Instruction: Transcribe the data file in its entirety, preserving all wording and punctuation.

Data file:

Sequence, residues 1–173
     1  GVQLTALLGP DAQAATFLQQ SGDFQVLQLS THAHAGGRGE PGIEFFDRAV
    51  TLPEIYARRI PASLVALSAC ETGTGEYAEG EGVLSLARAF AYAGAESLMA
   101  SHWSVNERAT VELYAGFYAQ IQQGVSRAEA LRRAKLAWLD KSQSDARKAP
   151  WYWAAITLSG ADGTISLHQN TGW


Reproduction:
Sequence, residues 1–173
     1  GVQLTALLGP DAQAATFLQQ SGDFQVLQLS THAHAGGRGE PGIEFFDRAV
    51  TLPEIYARRI PASLVALSAC ETGTGEYAEG EGVLSLARAF AYAGAESLMA
   101  SHWSVNERAT VELYAGFYAQ IQQGVSRAEA LRRAKLAWLD KSQSDARKAP
   151  WYWAAITLSG ADGTISLHQN TGW